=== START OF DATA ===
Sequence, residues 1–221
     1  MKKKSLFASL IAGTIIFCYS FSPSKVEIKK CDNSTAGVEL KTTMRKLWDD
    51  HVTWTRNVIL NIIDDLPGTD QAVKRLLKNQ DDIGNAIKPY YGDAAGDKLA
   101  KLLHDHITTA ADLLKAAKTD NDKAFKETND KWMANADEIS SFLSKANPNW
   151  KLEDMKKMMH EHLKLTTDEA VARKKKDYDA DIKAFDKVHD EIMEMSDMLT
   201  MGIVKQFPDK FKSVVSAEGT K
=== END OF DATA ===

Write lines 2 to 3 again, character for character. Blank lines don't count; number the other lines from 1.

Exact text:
     1  MKKKSLFASL IAGTIIFCYS FSPSKVEIKK CDNSTAGVEL KTTMRKLWDD
    51  HVTWTRNVIL NIIDDLPGTD QAVKRLLKNQ DDIGNAIKPY YGDAAGDKLA